I’m a shapely woman. Thanks to starting Metafit this year I consider myself pretty strong and fit.
Yesterday evening I spent a demoralizing twenty minutes trying to do up my wetsuit for outdoor swimming. I’m a size 16 in the hips and a size 14 in the chest. The average dress size in the UK is a size 14. So why did I find myself painfully squeezing the skin between my shoulder blades into the largest triathlon wetsuit available – an extra large? A Google search of wetsuit brands confirmed that the weight and chest measurement range for almost all swimming wetsuits tops out roughly where I begin.
It’s not just my wetsuit. My Ronhill running shorts are an XL (they top out at a Size 18 XXL), my cycling shorts are an XL, my yoga pants are an XL. I couldn’t even fit into the XL sports crop tops at Decathlon.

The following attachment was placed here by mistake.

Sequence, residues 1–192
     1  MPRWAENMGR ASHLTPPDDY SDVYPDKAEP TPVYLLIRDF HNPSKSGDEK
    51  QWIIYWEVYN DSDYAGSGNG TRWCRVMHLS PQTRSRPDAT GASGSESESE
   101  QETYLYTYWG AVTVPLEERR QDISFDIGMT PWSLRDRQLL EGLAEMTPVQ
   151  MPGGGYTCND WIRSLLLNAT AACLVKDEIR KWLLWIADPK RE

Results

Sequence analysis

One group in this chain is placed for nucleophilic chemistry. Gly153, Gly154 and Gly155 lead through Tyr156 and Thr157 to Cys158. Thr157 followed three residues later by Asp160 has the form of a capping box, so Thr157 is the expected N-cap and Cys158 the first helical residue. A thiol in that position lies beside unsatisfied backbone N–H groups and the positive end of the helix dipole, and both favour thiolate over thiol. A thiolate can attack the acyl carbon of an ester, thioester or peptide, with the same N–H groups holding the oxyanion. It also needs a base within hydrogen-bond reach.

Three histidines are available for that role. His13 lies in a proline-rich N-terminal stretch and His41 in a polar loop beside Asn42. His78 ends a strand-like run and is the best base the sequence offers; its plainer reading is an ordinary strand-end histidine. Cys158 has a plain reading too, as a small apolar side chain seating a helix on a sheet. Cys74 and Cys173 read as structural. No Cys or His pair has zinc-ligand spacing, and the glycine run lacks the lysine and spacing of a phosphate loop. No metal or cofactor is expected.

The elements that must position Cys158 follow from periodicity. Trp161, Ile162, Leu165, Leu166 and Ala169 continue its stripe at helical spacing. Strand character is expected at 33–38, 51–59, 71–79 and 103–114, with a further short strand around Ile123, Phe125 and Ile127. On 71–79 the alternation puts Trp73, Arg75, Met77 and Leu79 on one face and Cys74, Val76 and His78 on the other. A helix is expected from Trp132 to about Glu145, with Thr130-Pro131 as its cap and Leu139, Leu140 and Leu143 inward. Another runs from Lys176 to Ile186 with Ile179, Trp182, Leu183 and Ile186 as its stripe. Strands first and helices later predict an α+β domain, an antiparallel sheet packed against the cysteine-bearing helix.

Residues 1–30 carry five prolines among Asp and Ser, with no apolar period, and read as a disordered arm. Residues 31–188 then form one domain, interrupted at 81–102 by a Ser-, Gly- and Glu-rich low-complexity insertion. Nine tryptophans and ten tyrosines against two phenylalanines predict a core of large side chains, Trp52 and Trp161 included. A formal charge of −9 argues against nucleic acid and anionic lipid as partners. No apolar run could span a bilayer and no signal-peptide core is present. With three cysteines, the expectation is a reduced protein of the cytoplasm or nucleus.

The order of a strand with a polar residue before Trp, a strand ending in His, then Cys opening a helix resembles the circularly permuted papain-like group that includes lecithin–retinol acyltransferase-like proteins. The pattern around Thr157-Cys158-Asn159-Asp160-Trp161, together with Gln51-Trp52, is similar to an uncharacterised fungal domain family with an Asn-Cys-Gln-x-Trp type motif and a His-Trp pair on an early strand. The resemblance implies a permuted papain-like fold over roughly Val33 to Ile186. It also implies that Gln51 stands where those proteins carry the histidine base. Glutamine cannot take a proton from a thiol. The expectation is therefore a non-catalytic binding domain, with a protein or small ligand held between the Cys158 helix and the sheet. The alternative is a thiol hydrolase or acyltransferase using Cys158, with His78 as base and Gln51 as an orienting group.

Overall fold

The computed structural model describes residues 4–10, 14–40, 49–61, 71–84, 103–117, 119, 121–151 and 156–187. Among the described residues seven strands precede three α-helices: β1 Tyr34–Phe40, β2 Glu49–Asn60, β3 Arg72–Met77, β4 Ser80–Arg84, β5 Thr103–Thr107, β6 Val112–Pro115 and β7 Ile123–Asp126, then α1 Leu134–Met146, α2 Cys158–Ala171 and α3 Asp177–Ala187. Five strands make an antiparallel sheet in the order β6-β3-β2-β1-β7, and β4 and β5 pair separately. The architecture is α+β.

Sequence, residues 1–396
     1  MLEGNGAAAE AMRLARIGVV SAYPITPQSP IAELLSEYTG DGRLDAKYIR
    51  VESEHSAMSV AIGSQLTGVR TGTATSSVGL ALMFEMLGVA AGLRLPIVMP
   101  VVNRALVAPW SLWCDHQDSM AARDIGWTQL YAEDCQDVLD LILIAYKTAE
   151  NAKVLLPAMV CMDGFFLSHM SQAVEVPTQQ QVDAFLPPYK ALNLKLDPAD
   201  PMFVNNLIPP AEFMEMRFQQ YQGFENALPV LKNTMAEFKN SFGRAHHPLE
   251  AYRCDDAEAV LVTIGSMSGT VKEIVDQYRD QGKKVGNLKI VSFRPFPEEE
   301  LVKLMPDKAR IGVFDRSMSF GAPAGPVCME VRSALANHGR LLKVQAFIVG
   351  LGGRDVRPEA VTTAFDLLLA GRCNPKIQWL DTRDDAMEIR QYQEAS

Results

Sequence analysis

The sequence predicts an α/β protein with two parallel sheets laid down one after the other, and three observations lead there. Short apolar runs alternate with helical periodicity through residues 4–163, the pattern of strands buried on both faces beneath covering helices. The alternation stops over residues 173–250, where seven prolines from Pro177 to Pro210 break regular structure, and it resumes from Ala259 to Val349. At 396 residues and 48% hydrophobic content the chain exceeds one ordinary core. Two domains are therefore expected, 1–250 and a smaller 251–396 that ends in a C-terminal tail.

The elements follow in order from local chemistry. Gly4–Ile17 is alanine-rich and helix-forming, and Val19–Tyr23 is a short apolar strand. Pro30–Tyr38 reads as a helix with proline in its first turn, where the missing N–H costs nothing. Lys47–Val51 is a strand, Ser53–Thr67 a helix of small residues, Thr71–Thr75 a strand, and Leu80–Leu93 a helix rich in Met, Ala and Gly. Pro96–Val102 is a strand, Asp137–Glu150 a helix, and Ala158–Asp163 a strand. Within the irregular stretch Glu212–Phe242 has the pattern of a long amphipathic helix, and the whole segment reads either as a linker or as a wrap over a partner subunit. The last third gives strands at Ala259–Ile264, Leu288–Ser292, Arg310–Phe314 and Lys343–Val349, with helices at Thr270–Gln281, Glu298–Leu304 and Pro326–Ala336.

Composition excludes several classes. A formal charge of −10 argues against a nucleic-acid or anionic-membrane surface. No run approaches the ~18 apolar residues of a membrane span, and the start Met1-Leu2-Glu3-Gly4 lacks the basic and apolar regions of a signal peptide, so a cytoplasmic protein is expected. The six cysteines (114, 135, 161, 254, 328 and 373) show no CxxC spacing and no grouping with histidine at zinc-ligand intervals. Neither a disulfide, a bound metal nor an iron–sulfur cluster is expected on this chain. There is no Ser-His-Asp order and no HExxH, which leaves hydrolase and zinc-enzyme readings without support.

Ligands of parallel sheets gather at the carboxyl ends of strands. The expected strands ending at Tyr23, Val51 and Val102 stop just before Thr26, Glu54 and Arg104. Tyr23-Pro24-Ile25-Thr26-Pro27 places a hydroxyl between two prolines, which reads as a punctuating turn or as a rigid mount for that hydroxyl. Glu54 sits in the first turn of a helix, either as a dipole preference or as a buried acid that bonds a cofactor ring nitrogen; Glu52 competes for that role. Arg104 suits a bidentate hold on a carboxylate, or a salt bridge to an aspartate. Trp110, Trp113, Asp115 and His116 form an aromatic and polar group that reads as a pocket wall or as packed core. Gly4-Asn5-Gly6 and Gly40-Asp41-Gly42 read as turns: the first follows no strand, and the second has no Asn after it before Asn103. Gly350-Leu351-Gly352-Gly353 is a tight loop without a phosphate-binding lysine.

What frustrates me isn’t the judgement of my body size. It’s the implicit exclusion of women and girls who are my size and larger from so many sporting pursuits. “You don’t belong in the ocean/on the trail/on a bike”; “You’re not our target market”. How many women and girls who are nervous to take up exercise in the first place have stumbled at the first hurdle when they find they can’t fit into any of the gear?
What can I do? The closet entrepreneur in me would love to start a website selling sports gear for the (at least) 50% of women who fall into the >XL category. But would the manufacturers even produce kit in the sizes we need? I’m definitely going to write to wiggle, the stockist of much of the sports gear I have bought. I might even pen an article to a women’s magazine. I will send a letter of praise to Nike running who stock up to a size 26 (and incidentally where I measure up as a medium)
Campaigns like This Girl Can assert that ordinary women can and should enjoy the opportunity to sweat. It’s time the manufacturers and stockists caught up.
Readers, if you know of any brands or stockists who consider the >XL 50% please comment below!